1874—I first saw him in reference to the bankruptcy when I went to put the man in possession in Mortimer Street under the bankruptcy, and he was there.
HENRY LEATHERDALE . I am the trustee under the bankruptcy—I know nothing of the removal of this furniture or its sale by Messrs. Bonham, nor of the pledging at Mr. Attenborough's of the plate, or of the furniture given to Murray—I have never received the proceeds of the bills given on 16th and 17th November.
Cross-examined. I was a party to the offer to Budget in 1870; I did not know that he was entered as a debtor for 200l.—I am informed of it now—I have given no indemnity for the costs of this prosecution; Messrs. Miller are my ordinary solicitors, but I was dealing with many solicitors—the estate book will show what I have received; I think it is about 600l.—I have paid no dividend to the creditors.
Re-examined. The committee of creditors approved of the proceedings before they were taken.
GUILTY on the First and Fourth Counts — Nine Months' Imprisonment' (See page 283.)
152. FRANCIS HURT (40) , PLEADED GUILTY to stealing 50 yards of cloth and other articles, of George William Dibben and another, his masters, who strongly recommended him to mercy— Eight Months' Imprisonment.
153. CHARLES PEARSON YORSTON (40) , to embezzling an order for 6l. 11s., of Lewis Emanuel and another, and feloniously forging and uttering an indorsoment upon the same— Twelve Months' Imprisonment. [Pleaded guilty: See original trial image.] And
154. JAMES SMITH (28) , to stealing a basket and 100 dead fish, of John Last Layer, having been convicted of felony at Newington in June, 1870**— One Month's Imprisonment, his former sentence not having expired. [Pleaded guilty: See original trial image.]
MR. STRAIGHT conducted the Prosecution.
FRANCIS BARTLEY . I live at 19, Charles Street, Cavendish Square—I remember the prisoner in the name of Martha Bedford, at Hill Street, Walworth, nineteen or twenty years ago; she was not married then—I was present at Twickenham parish church, in 1857, when she was married to Edgar Newton—I was one of the witnesses—she was lodging with me at the time, off and on—I only knew Newton by his visiting her at my lodgings; he was an engineer—I lost sight of him and I understand that he got into trouble and was sent to penal servitude for forgery, the same year as the marriage, I believe—I was present at the parish church of Mortlake, on 21st May, 1871, when the prisoner was married to Charles Wood—I saw her before the second marriage and she told me that she had not seen her husband for fifteen years, and had not heard of him for four years.
CATHERINE BARTLEY . I am the wife of the last witness—I remember the prisoner being married and her husband being sent away for forgery—I remember his coming back from serving his time, and I saw him once, that was about five years ago—I saw the prisoner after her husband came back and told her that I had seen him—he called to see me and said that he would call again, but he never did—he said nothing to me about her—I was at the church at the second marriage, but not as a witness—I saw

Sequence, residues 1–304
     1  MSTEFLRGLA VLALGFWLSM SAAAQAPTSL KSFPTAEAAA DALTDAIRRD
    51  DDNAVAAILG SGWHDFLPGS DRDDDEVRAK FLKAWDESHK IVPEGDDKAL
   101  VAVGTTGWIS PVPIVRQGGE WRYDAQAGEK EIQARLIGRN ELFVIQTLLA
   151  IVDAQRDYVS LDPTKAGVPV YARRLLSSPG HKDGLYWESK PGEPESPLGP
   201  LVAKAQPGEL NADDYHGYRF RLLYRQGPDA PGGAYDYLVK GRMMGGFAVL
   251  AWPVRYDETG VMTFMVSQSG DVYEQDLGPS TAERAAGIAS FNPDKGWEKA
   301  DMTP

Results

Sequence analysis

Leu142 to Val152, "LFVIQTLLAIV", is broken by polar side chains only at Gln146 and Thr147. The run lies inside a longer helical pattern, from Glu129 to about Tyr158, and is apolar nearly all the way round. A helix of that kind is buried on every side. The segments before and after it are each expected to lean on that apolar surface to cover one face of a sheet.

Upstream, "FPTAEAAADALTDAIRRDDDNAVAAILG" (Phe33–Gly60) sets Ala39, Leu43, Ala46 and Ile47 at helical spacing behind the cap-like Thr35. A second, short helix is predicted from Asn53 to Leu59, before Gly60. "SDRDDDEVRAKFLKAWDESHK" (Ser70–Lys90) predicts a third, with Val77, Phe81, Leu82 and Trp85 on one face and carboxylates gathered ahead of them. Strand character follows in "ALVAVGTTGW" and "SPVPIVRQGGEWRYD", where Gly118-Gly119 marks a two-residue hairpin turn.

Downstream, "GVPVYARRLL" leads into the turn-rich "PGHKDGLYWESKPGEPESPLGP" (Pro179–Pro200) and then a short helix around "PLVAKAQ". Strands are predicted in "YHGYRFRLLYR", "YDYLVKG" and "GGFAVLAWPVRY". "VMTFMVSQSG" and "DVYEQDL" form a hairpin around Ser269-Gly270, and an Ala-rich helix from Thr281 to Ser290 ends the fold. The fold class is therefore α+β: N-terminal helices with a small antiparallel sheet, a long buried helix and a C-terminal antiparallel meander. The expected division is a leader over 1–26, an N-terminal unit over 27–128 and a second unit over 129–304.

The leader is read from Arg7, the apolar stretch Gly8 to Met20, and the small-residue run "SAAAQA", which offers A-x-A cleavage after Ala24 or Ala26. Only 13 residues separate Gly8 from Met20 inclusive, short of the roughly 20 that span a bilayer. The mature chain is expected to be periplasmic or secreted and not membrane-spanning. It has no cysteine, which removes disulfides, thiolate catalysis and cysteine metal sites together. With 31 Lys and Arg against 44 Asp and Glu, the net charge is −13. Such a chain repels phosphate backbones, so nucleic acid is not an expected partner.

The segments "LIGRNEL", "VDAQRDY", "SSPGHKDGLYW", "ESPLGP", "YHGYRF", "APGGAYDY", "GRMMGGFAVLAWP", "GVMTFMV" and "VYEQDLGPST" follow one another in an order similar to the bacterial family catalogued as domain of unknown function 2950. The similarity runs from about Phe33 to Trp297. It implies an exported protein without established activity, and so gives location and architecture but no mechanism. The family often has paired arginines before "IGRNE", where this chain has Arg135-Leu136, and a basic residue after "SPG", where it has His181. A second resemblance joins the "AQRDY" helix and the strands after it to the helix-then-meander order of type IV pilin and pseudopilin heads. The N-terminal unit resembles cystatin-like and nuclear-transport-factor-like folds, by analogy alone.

Newton after that and I told him I thought he was dead as Mrs. Newton had not seen him for four years—I have heard Newton say that the prisoner was no wife of his as he had a wife and children of his own.
By THE COURT. When I saw him five years ago it was after the second marriage in 1871—I cannot tell you the year or the time—I also saw him soon after he came home from Australia; he was away ten years—it was some time between 1867 and 1871.
THOMAS ROOTS (Detective Sergeant). On 19th December I took the prisoner at Willoughby Villa, Upper Norwood—I told her the charge, she said that Newton was married before he married her, that she had seen him three times since the marriage, but that it had never been consummated—I produce certified copies of two marriage certificates, one dated 25th May, 1857, and the other 20th May, 1871, on which date the prisoner is described as a widow.
By THE COURT. The case came to us from a lady writing to the Commissioner, stating that the prisoner was a bigamist and a public impostor and pressing me to find the witnesses.
CHARLES WOOD . I am a professor of music, of 14, Great Quebec Street—I married the prisoner on 20th May, 1871, at Marylebone Church, but did not cohabit with her—we made appointments to meet each other—on 15th or 16th May, 1872, she came across from the Metropolitan station in great excitement and said "That fellow Newton is following me, I cannot stay"—I said "You mentioned the name of Newton, that is your own name, and I understood you were a widow"—she said "I considered myself a widow, but I have had an interview with Newton and he tells me he was married before he married me"—I then ceased to meet her—I endeavoured to save money to get a divorce, but found it impossible, and a detective came to me with the certificate—I made no communication to the police—the prisoner represented herself to me as a widow, and to a friend of mine also.
Cross-examined by the Prisoner. You wrote me letters importuning me to help you, which I did; but since 1873 I did not hear of you, and then you asked me to lend you some money, and you gave me an I O U for it.